Photosynth started life as a high-end computational demonstration at Microsoft Research and the University of Washington. The first demos involved selecting publicly posted photos taken by dozens or thousands of people from sites like Flickr of a popular destination, such as Notre Dame in Paris. The software would assemble the varying views into a browsable three-dimensional model. It was breathtaking. The technology has developed into a Windows-only desktop program desktop program that can both create these kinds of models and more conventional panoramas. The panorama feature by itself makes up the the free Photosynth for iOS. It’s a bit of magic, too.
You may be slightly taken aback by the interface, which is closer to the Zune music player’s design of a few years ago (which I quite liked). But it doesn’t detract from utility, just familiarity.
The steps Photosynth uses to create a panorama are among the easiest, and provide some of the best results. Tap a camera icon at the bottom of the screen, orient the iOS device in portrait or landscape mode, then tap to begin. Photosynth uses a rectangle with a centered dot to indicate the area being captured. From where the first image is captured, the app paints edges using dotted lines to show what’s missing.
Move the camera around, keeping it in the same plane of motion, not rotating it slightly or tipping it forward or backward, and the app tries to capture new portions automatically. The rectangle shows a green outline with a green dot when the program can match up a scene within its abilities. The app beeps when you pan to an area that it can add to the existing panorama, at which point, if you hold still, the app snaps a shot by itself. If it’s a little off kilter, the rectangle and dot are yellow, and you can tap to force a capture. The rectangle and dot turn red when the system can’t figure out how to put the current center of the camera’s gaze into the overall image.
The algorithm relies on identifiable features, and if you’re taking shots in an area with a lot of motion or with a bland or smooth appearance, you may wind up frustrated as a lot of yellow and red rectangles appear, instead of green. The app provides good feedback when things are going right and some advice when you’re outside its parameters. (Remember to flip your mute switch off to hear the beeps if you routinely mute your iPhone, iPod touch, or iPad.)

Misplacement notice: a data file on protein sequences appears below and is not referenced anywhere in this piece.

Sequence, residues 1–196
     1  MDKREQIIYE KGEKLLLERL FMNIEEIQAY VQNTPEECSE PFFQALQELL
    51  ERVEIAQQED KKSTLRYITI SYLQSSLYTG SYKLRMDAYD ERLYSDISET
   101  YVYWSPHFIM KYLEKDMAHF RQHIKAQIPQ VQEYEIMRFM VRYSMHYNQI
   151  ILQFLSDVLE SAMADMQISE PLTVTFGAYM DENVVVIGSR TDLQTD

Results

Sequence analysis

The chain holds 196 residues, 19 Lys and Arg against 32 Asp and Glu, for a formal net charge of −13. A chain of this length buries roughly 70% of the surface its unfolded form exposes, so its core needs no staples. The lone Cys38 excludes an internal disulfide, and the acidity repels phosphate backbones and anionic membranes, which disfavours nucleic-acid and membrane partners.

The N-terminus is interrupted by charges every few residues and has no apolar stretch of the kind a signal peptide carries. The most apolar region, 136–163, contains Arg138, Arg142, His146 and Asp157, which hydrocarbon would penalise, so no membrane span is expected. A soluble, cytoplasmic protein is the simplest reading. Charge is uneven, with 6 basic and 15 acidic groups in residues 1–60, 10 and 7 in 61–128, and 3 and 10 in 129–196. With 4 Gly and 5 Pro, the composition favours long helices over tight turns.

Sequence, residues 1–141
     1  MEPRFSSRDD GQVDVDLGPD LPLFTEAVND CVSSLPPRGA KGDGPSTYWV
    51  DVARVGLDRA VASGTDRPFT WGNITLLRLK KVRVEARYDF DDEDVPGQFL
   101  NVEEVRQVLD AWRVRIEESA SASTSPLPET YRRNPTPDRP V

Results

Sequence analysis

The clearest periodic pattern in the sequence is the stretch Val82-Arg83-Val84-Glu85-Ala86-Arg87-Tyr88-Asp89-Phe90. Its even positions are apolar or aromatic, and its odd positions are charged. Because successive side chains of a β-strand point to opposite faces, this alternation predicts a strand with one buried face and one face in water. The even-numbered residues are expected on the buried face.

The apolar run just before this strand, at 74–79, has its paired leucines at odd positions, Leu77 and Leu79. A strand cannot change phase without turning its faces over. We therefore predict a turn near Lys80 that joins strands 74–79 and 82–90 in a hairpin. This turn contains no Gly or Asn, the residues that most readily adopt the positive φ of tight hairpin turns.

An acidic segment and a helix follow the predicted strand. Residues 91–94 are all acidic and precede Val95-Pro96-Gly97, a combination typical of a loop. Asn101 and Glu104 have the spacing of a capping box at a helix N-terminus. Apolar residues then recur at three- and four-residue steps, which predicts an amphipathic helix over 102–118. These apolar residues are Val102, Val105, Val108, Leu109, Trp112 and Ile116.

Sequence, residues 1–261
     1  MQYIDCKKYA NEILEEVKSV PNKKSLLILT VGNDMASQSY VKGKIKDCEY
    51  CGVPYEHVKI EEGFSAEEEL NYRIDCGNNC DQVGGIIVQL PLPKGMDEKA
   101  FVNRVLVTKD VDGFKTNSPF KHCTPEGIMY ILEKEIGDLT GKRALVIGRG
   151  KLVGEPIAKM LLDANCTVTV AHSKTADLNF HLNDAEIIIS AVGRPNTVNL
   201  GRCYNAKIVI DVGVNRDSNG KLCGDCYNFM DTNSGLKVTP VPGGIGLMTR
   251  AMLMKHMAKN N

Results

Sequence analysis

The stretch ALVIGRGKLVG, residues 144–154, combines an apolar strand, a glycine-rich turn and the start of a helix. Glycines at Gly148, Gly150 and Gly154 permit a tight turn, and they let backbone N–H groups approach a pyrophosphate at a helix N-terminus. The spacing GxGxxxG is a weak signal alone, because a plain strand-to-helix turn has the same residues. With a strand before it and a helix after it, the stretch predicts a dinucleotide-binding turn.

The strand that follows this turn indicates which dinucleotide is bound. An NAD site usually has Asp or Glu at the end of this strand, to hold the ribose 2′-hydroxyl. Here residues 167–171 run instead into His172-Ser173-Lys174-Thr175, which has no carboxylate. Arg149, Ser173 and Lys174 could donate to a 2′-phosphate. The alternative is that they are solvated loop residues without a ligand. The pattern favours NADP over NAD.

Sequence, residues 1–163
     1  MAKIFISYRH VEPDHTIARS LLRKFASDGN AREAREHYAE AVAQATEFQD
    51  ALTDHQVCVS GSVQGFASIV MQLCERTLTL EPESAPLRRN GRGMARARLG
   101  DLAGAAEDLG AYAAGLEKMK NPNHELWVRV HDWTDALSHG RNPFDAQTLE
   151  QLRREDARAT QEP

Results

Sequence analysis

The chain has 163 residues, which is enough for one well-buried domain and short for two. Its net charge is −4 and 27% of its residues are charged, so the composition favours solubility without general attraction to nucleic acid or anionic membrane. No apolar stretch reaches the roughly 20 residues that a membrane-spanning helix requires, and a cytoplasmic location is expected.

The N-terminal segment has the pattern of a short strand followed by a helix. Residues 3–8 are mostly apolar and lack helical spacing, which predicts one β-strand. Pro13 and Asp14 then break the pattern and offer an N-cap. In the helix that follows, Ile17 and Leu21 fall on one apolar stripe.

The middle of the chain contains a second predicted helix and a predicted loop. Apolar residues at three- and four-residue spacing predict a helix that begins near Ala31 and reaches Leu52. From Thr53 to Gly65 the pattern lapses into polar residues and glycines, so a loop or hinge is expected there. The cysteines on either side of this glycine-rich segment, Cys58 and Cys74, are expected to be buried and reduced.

When you tap Done, the app shows a preview of all the frames captured, and rapidly stitches them together (at least on an iPhone 4S). The description and other data associated with the image can be edited while stitching is in progress, which is a nice multi-tasking touch other apps could learn from. The resulting image may then be shared, emailed, or saved to the Camera Roll. Panoramas remain in the app’s local library, where you can share or edit them later.
You can sign into Windows Live and create a Photosynth account by just choosing a user name, which allows the app to upload panoramic synths. Those uploaded synths can be added to the site’s public index and browser and are also available as a link in Bing maps from a geographic point you set. Synths can be kept private by obscurity, with the software generating a non-searchable link you can share.
Photosynth lets you post to Facebook and Twitter by linking in accounts. With a Twitter account registered in iOS, the app pops up a simple dialog. If the Facebook app is installed, Photosynth switches to it to let you choose to approve its link-up. The Windows Live sign-in is rather rough. The app brings up a Web-page sheet, but doesn’t allow the paste option to work in the password field. It’s a bug, rather than a feature, as tapping in the field brings up a keyboard, and tapping again to get the copy-and-paste pop-over makes the keyboard disappear. This is a known issue and Microsoft indicates it will be fixed.
I love making panoramas because it gives me a more expansive memory of a place I’ve visited. The ease with which Photosynth lets me capture those places makes it more likely that I will take 360-degree views to aid my memory long after I’ve returned from a trip.
[Glenn Fleishman, a senior contributor to Macworld, writes regularly about wireless networking and encryption, but has a lifelong love of photography.]
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